The Review has identified a significant capacity gap in the provision of inshore, offshore and South Pacific patrol. Additional capacity in the form of a mix of inshore and offshore patrol vessels will need to be acquired if this role is to be met. There is an option to reconfigure the existing IPCs although a speed capability gap will remain.
    ________

    Two things: 1) The Canterbury is a lousy patrol ship only good for training and sealift (my tounge is firmly in my cheek) and 2) the previous government only delivered 2 OPV's and 4 IPV's and since then we have lost the Resolution and Kahu over the last 24 months, which were able to take up the slack.

    Also - the Canterbury was found to be too small during last years combined RNZN/Army and ADF Operation Hamel - a real world sealift exercise and not a theorectical design study. It was intended that it should be able to Sealift a Company Group + deploy 2 months support material. It was safely only able to sealift 95% of that requirement.

    It is circumstances like this that peeve service personnel and make them question their contribution to their country, when its politicians in charge of them and demanding of them don't care enough to provide them not just the tools for their job but the right numbers of tools. They take the glory when things go well and pass the buck when they do not.
    Last edited by Te Kaha; 30th June 2012 at 02:03.

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  27. #18
    Closed Account Goldie fish's Avatar
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    Where's Te Kahu gone?

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    Quote Originally Posted by Goldie fish View Post
    Where's Te Kahu gone?
    She was sold by tender to the owner of Fitzroy Engineering of Auckland. She was the last of seven Moa Class in the fleet but the first one built (1978).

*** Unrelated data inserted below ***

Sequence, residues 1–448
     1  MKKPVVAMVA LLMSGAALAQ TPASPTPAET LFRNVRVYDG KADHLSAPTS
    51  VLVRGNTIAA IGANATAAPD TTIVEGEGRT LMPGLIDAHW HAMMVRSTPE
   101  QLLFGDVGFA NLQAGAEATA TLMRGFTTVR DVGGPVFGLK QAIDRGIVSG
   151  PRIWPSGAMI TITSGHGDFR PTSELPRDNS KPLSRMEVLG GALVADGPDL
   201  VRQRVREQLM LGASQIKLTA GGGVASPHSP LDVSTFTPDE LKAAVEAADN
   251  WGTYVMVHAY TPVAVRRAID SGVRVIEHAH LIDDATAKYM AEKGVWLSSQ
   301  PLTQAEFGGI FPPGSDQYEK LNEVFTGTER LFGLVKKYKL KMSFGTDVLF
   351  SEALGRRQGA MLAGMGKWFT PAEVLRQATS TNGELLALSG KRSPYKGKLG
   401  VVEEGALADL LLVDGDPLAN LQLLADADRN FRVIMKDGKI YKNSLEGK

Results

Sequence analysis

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    Ah, I presumed she was 80s built as well.

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    Quote Originally Posted by Jungle View Post
    I stopped the process; I received posting instructions to the job in the EXP Wing. Following that, I have an opportunity for a posting in the US, so I'll go for that.
    Well, I just got word today: I will be posted to Colorado Springs next summer, for 3 years.
    "On the plains of hesitation, bleach the bones of countless millions, who on the very dawn of victory, laid down to rest, and in resting died.

    Never give up!!"

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  32. #22
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    How awful for you

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  34. #23
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    Quote Originally Posted by Jungle View Post
    Well, I just got word today: I will be posted to Colorado Springs next summer, for 3 years.
    *insert jokes about Cheyenne Mountain and Stargate*
    "Everyone's for a free Tibet, but no one's for freeing Tibet." -Mark Steyn. What an IMO-centric quote, eh?

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  36. #24
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    Quote Originally Posted by sofa View Post
    Read today that RNZN may be laying up two of its new ships due to the lack of men,
    Getting worse it seems.
    http://www.nzherald.co.nz/nz/news/ar...ectid=10865707

    Spanking new ships unable to sail because the Navy doesn't have enough sailors - how is that possible with so many young people out of work? Geoff Cumming investigates

    Former Defence staffer Lance Beath says New Zealand needs to meet realistic targets and maintain a presence in Pacific waters to show it is pulling its weight in regional security. Photo / NZ Herald

    If John Key is genuinely worried about the likelihood of "boat people" washing ashore here, perhaps he could look at the Navy's hamstrung capacity to patrol our seas instead of expecting it to trim millions from its budget each year.

    It's easy to sheet home the Navy's staffing woes - which have kept half its patrol fleet tied up at Devonport for much of the past year - to Wellington. The Government is certainly the most popular target of contributors to online forums, many of whom show inside knowledge of the issues affecting the three Defence forces (Army, Air Force and Navy).